Saturday, September 10, 2005

Bombing Vietnam

Air power enthusiasts, of which Rummy is one, always put great faith in the notion that air power can win wars virtually alone, or something close to that.

No one disputes the effectiveness of tactical air power used in support of infantry operations.  The effectiveness of strategic air power used against economic and infrastructure targets is very much a disputed issue.  And not just by the inter-service rivals of the Air Force in the other services.

In the Vietnam War, Lyndon Johnson began a massive strategic bombing campaign in 1965 which was called Rolling Thunder.  In 1972, the DRV (North Vietnamese) used conventional forces in a drive into South Vietnam, making themselves vulnerable to the full force of the US' tactical air power.  Late in 1972, Richard Nixon ordered a massive bombing campaign, popularly known as the Christmas Bombing, aimed (he and his apologists later claimed) at winning better peace terms in the Paris negotiations.  There is strong evidence that he actually intended to carry on the war much longer than he did, but the domestic and international reaction was so negative he had to back off.

In his The Hidden History of the Vietnam War (1995), John Prados discusses the work of Mark Clodfelter on US bombing during the Vietnam War.  Prados writes:

Clodfelter ... argues that Rolling Thunder was limited by what he terms Lyndon Johnson's "negative objectives" - preventing a third world war and keeping both domestic and international opinion focused elsewhere than Vietnam. The 1972 bombing called Linebacker is seen as effective because Richard Nixon supposedly did not have such negative objectives behind his air campaign (and because the North Vietnamese had shifted to a pattern of conventional ground operations). This particular argument is something of an intellectual construct. For LBJ, bombing North Vietnam in fact encouraged Soviet and Chinese participation, both to replace assets destroyed by Rolling Thunder and to help man the DRV's air defenses. It was constantly at the back of the president's mind that if he escalated too far, he would bring the Communist powers in openly for a larger war; but this is scarcely the same as pursuing a "negative objective." As for Richard Nixon, the 1972 strategy most assuredly did have equivalent negative objectives - avoiding domestic political backlash in the midst of an election campaign - and part of the reason for his selection of air power as the instrument of intervention was precisely because it was seen as the least costly option in political terms. Again, the reason for rhe relative success of bombing in 1972 comes back to the differences in North Vietnamese military practice, not to an improvement in the nature of air war strategy.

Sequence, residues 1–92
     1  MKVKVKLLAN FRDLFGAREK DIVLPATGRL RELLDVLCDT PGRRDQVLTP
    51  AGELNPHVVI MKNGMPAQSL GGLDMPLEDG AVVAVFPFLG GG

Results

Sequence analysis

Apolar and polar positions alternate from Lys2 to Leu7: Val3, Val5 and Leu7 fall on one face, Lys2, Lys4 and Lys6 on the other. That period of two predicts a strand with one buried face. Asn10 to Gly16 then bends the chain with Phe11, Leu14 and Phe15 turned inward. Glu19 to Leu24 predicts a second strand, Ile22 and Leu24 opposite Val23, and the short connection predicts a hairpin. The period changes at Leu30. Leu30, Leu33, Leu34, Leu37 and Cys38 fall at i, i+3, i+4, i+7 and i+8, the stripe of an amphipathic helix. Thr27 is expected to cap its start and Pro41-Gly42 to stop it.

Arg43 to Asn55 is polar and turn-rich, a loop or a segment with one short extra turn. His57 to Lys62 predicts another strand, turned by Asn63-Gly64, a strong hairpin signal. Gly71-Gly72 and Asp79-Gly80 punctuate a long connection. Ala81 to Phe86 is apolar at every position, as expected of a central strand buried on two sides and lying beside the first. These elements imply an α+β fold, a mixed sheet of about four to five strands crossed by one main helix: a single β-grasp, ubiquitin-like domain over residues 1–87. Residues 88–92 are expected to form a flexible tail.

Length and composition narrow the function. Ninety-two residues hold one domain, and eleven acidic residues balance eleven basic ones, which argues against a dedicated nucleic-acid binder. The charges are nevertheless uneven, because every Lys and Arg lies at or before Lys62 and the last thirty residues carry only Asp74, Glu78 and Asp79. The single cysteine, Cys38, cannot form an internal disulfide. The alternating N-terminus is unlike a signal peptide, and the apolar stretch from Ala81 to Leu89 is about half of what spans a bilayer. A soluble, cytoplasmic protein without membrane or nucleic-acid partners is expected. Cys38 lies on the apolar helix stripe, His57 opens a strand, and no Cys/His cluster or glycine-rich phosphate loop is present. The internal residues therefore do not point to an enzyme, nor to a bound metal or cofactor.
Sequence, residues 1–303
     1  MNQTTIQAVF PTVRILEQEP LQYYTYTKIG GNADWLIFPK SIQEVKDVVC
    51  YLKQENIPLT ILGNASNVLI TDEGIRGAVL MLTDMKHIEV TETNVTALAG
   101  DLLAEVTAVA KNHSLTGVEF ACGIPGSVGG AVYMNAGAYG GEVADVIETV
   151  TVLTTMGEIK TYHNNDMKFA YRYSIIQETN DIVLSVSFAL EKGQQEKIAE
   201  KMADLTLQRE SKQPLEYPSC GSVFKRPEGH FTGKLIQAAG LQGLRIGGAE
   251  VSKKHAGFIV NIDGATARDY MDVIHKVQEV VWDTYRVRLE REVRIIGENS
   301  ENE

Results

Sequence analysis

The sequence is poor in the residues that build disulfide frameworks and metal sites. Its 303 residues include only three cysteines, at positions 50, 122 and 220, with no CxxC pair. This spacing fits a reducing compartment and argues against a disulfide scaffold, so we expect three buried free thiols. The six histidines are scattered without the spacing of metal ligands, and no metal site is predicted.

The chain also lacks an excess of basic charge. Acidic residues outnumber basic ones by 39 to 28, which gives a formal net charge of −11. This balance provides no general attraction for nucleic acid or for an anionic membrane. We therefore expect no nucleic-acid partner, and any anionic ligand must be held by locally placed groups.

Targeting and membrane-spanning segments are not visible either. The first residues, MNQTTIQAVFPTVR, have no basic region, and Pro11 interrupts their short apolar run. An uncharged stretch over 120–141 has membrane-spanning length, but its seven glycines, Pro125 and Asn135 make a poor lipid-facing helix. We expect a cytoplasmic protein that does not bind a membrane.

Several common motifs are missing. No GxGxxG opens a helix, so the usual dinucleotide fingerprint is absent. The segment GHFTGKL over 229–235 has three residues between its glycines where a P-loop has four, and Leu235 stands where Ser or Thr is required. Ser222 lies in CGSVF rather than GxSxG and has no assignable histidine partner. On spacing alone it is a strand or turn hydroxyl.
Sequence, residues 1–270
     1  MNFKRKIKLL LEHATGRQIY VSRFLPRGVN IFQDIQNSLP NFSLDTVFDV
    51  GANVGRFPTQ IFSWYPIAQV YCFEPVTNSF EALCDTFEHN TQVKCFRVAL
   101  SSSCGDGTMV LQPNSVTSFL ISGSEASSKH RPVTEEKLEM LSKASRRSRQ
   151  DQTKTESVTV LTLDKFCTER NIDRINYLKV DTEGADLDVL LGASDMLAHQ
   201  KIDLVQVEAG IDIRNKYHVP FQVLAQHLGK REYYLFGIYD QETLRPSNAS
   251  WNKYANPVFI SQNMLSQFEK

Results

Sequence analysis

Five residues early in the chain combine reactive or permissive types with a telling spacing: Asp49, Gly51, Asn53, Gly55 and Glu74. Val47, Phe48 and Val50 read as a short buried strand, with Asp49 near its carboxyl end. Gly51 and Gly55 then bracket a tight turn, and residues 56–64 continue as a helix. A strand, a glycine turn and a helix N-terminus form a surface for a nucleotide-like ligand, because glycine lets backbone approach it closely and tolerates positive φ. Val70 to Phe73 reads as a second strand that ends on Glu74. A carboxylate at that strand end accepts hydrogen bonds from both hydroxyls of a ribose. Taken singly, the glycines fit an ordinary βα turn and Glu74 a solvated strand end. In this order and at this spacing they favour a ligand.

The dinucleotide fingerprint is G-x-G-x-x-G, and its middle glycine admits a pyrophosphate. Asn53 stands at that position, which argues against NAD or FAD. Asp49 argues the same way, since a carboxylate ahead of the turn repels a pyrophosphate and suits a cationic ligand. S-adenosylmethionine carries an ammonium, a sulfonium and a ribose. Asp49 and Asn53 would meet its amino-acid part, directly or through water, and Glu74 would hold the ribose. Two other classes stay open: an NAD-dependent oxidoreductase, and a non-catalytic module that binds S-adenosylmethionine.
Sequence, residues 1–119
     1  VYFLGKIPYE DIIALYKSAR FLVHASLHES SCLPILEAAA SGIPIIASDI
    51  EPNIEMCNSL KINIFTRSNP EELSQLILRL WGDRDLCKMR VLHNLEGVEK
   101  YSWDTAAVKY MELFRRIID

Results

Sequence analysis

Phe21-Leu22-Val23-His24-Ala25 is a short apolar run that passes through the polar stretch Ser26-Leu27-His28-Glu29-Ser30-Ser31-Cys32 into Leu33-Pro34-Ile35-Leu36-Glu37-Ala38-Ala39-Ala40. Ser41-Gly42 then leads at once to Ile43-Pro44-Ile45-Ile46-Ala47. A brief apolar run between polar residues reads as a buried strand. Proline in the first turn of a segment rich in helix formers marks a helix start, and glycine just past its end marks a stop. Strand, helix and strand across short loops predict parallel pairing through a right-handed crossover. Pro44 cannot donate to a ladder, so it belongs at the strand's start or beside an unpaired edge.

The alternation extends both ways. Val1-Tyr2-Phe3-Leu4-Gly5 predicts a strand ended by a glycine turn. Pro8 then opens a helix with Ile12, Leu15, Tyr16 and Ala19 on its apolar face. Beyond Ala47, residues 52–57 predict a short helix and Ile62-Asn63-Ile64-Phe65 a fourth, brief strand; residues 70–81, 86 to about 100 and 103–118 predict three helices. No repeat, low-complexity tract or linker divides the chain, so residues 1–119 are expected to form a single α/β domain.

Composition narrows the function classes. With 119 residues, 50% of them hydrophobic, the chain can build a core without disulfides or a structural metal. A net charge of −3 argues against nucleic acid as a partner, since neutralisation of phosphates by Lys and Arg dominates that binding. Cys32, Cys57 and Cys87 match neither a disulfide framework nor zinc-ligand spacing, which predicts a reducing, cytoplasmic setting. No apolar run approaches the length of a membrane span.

A great deal of the criticismof the US military effort in Vietnam has focused on the restrictions placed on the bombing campaign.  A more aggressive bombing campaign, it is argued, could have gone a long way toward defeating North Vietnam and achieving the aim of preserving an independent, non-Communist South Vietnam.

Some of that criticism has to do with the theory employed by Robert McNamara and the civilians in the Pentagon that saw bombing primarily as a means of diplomatic communication.  It seems to me that there's a valid point to this kind of criticism.  That doesn't mean that there is no political/diplomatic point to bombing, though, just that the particular theory of aerial warfare they were applying failed in its application in the Vietnam War.

Much more familiar is the criticism that Johnson in particular interfered far too much with the selection of particular targets for bombing and restricting bombing of others.  The idea in that kind of critique is generally that if the military had been allowed to bomb wherever they thought appropriate in Vietnam, Laos and Cambodia, we could have "won" the war.

Not likely.  Prados writes:

Despite all the arguments about target lists and strategy, the way the air war ended reveals most dramatically its true nature as a diplomatic tool. For the fact is that Lyndon Johnson simply called off the air war, just as he had ordered bombing pauses a half-dozen times before, to create an opening for diplomacy. His order came on March 31, 1968, when he simultaneously withdrew from that year's presidential election. Disgruntled generals and admirals have never forgiven the president his decision, but they seem to have forgotten the purpose of the air war, not to mention the president's prerogative to make the decision that he did.

And for those who think that the air war was  too soft because the sissy civilians wanted to go easy on the commies, Prados has this reminder. Here he's looking at the bombing from 1965 to 1968, when Johnson called a bombing half:

The weight of ordnance expended during this "restricted" air campaign (not counting the 1972 bombing, which was even more destructive) was about a third greater than the total tonnage of bombs dropped in the entire Pacific Theater in World War II, including both the strategic bombing of Japan and the atomic bombs dropped on Hiroshima and Nagasaki. There must have been something wrong with the air war strategy other than the restrictions placed upon it. Left to another war in another time and place was the air enthusiasts' dream of proving their arm the sole decisive weapon of warfare.

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